Introduction to CJCCs: Helpful Hints
Helpful Hint: There are many ways that state mandates and specific issues can be leveraged to take local action. Planning boards and councils are not a new concept in criminal justice. Because of this, there may be several committees and councils that already exist in your jurisdiction. They may have been created for one single purpose but have many of the same people at the table. For example, there may be a human trafficking committee that meets on the first Wednesday of the month. There is a likelihood that many of the people who serve on the human trafficking committee also sit on the youth housing initiative committee that meets on the third Thursday of the month. If this is happening in your jurisdiction, this is a great place to start to create or improve a system-wide CJCC. Collaboration within these specific committees can be mirrored to include high-level stakeholders making system-wide policy and planning decisions.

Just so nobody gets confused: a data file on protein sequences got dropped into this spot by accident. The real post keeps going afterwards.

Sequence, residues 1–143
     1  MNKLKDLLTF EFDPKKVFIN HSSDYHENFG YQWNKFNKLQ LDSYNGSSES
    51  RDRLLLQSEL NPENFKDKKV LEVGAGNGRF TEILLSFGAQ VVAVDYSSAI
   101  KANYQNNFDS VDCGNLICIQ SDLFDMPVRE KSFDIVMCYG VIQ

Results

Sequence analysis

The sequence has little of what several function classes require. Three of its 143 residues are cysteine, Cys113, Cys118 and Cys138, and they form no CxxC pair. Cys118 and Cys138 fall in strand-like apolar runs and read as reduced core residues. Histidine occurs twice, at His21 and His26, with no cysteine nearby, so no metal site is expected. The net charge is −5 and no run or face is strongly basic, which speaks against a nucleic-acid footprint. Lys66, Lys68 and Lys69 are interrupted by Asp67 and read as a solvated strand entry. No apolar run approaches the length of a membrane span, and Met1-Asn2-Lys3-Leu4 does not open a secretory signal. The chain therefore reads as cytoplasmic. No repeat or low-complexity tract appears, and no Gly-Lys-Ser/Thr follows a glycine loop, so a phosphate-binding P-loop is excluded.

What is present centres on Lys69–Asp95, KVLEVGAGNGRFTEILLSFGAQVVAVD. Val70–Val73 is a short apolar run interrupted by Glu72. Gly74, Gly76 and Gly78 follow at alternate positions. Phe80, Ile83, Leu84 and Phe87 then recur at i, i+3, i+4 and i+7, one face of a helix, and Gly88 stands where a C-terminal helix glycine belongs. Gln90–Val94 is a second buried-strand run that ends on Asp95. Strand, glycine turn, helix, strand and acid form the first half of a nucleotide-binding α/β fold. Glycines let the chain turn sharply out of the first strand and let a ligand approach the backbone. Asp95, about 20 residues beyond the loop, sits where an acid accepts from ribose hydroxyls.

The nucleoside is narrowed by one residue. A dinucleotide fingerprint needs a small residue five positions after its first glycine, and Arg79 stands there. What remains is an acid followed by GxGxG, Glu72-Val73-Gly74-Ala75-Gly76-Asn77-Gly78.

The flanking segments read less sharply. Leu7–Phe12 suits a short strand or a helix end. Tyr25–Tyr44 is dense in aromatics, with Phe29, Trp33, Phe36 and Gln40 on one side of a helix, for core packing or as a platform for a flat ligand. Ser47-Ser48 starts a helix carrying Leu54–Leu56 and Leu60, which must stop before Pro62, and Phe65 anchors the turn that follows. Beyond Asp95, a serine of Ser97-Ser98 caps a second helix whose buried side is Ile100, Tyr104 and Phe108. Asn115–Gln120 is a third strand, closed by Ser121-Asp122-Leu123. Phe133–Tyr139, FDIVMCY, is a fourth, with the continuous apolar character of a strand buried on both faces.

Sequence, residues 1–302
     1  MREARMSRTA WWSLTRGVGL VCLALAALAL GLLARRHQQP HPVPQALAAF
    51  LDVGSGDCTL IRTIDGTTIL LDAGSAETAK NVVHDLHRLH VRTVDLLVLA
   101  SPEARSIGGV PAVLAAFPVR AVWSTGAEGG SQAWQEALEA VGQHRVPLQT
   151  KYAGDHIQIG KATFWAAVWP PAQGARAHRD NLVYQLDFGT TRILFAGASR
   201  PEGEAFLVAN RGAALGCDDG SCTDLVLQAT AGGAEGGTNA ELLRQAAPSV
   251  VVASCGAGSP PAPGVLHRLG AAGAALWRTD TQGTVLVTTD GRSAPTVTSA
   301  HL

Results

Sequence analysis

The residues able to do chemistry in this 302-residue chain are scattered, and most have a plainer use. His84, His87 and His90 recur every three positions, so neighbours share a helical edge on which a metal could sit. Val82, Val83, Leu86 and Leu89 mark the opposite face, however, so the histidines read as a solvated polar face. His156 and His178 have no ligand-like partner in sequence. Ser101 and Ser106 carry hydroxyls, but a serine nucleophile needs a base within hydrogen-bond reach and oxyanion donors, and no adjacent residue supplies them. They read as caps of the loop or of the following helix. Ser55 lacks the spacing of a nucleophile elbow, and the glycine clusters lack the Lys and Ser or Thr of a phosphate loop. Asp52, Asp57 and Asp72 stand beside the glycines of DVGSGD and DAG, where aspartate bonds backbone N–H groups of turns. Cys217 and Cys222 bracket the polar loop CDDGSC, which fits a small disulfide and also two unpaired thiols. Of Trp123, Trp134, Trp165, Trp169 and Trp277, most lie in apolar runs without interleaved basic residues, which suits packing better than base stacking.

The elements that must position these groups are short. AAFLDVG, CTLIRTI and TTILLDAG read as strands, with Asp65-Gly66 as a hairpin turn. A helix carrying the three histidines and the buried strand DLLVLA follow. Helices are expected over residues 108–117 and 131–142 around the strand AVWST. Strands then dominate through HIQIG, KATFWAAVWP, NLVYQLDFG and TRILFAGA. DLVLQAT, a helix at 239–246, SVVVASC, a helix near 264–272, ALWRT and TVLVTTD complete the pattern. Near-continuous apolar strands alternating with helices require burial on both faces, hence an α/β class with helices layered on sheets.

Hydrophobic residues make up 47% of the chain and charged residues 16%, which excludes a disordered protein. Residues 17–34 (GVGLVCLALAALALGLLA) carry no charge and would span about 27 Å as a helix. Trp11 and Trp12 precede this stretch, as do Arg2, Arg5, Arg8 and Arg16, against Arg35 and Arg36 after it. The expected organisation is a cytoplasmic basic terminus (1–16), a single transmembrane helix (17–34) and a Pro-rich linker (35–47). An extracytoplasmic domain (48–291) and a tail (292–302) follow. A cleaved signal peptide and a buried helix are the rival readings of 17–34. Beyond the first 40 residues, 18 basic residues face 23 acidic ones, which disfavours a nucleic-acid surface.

Helpful Hint: The words “unfunded mandate” can be a local government’s worst nightmare. There are many times when state legislation requires a change in local justice policy and practice but does not come with funding to make and support said change. A recent trend in “unfunded mandates” can be found in reporting requirements and data sharing. One way to address these “unfunded mandates” is to create a CJCC to leverage resources to meet these new requirements. In addition, many local governments try to stay ahead of state requirements. Having a CJCC that is proactively working on problems and implementing solutions, provides an opportunity for contributing to language when legislation is being written. This allows the CJCC to serve as the example for other communities and stay ahead of “unfunded mandates”.